EARLY SEMICONDUCTOR DEVELOPMENT AT SHOCKLEY TRANSISTOR CORPORATION 

Gene Weckler

 

Oral History – Gene Weckler

(Continued)

 

When I got out of college I contacted him, but that was when things were falling apart at Shockley.  Engineering jobs were scarce in 1958.   I took a job with Convair Astronautics for 6 months – I had a “moving clause” in my contract, but at the end of that obligation, I was out of there.  You know, one of 3000 engineers, on a cost plus engineering assignment.   That was when I interviewed at both Hewlett Packard and Shockley Transistor Corp. I had a bad interview with Barney Oliver at HP (maybe one of us was having a bad day).   Anyway, by the time I got back to San Diego, Shockley had made me an offer.

 

Who did you interview with at Shockley?

I interviewed with Rudy Biesele.  He was the General manager at Shockley at that time. I did have a few words with Shockley.   This was the first part of 1959.  Clevite hadn’t yet bought Shockley – that occurred in 1960. (It was announced on April Fool’s Day, 1960). 

 

What was your job responsibility?

I came in as an applications engineer, but I soon was wearing “many hats”.  From applications I moved to testing and characterization of 4 layer diodes.  I developed test equipment for manufacturing and supported the R&D staff with electronic instrumentation.  With help from the Clevite QA Department, I wrote the first mil-spec for a 4 layer diode, circa 1961.  Probably the most fun was developing dynamic displays for trade show exhibits.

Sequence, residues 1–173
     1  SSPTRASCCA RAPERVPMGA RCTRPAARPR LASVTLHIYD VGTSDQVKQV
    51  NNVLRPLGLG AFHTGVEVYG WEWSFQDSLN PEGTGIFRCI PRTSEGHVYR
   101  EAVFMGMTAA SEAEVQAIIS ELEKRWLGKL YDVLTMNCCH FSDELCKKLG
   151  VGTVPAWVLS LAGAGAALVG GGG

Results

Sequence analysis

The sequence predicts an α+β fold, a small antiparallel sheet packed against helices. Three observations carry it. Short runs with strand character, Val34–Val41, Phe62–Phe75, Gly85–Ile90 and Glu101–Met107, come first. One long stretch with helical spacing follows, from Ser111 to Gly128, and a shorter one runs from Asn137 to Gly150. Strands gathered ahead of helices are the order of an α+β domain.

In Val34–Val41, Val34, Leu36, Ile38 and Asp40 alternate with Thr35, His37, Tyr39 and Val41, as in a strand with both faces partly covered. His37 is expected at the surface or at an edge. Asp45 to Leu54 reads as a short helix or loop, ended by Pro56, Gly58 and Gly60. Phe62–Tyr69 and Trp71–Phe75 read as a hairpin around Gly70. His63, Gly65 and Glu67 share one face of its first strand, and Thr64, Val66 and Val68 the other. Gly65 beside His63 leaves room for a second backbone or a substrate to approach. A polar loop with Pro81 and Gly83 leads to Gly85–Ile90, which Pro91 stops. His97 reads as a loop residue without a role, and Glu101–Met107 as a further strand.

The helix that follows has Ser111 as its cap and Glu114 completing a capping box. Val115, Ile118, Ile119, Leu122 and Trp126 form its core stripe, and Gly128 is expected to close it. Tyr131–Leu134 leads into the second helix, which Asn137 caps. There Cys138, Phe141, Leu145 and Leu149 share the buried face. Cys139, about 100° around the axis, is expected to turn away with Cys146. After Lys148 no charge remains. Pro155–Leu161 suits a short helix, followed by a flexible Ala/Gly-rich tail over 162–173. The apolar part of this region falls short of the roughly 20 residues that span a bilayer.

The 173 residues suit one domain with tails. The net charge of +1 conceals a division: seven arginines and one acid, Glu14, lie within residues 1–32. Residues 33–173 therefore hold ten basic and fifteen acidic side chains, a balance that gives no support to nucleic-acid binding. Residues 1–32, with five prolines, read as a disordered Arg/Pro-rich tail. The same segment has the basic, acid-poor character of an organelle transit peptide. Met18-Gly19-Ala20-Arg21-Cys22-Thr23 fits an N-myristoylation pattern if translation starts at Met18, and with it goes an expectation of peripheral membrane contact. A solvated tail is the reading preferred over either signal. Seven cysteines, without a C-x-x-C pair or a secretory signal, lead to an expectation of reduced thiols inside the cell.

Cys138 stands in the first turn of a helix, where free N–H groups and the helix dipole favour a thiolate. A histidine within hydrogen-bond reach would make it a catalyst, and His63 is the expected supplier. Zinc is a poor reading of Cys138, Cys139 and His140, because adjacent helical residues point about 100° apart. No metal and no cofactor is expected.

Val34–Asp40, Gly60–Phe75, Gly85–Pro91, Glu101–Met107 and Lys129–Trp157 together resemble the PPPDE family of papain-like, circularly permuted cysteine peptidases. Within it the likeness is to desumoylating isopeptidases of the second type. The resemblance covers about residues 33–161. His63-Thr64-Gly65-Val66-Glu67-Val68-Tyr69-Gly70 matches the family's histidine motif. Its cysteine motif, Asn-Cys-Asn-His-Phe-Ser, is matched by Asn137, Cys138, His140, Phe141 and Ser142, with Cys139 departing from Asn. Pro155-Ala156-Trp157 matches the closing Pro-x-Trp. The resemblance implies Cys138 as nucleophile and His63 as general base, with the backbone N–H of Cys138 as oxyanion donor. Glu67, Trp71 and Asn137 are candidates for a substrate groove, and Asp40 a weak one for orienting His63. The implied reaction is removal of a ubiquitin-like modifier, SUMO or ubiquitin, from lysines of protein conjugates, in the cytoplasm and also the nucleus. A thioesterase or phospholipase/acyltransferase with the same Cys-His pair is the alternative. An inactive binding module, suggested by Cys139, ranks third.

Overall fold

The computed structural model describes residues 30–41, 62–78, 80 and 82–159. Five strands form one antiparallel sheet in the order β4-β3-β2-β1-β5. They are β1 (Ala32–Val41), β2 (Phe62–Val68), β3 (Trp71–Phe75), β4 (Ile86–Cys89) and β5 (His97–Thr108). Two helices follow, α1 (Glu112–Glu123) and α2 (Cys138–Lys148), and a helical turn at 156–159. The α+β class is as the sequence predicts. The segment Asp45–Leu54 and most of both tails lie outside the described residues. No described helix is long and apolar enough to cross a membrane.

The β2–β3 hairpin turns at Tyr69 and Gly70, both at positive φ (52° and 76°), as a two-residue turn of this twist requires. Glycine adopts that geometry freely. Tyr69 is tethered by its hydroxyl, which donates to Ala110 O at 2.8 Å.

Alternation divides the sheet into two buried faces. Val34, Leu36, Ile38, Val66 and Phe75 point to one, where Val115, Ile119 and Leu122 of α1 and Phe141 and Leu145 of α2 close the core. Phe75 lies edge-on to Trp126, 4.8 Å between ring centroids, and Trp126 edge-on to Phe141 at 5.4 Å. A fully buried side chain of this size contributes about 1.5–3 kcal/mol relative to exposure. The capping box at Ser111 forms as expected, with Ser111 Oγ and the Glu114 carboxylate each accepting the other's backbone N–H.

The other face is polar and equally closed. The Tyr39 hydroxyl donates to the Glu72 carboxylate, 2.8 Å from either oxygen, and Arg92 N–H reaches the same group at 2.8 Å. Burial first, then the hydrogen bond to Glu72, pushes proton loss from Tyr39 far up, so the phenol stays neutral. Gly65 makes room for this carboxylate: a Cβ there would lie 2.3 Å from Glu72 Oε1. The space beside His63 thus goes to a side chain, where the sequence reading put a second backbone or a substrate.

Go To Weckler Oral History, Page 3

 

 

Oral History – Gene Weckler (Continued)

 

 

This is a scan of the price list from Shockley Transistor Corporation, dated Sept 1958.  Note that the complete offering consisted of four models of the 4N series diodes, with each model number representing the breakdown voltage of the device – 4N20D had a breakdown voltage of 20V, the 4N30D had a breakdown voltage of 30V, and so on.  According to Gene, the manufacturing process for the 4-layer diodes was very demanding, and particularly sensitive to moisture.  Units were sorted into the appropriate performance categories based on “end of line” test results.  

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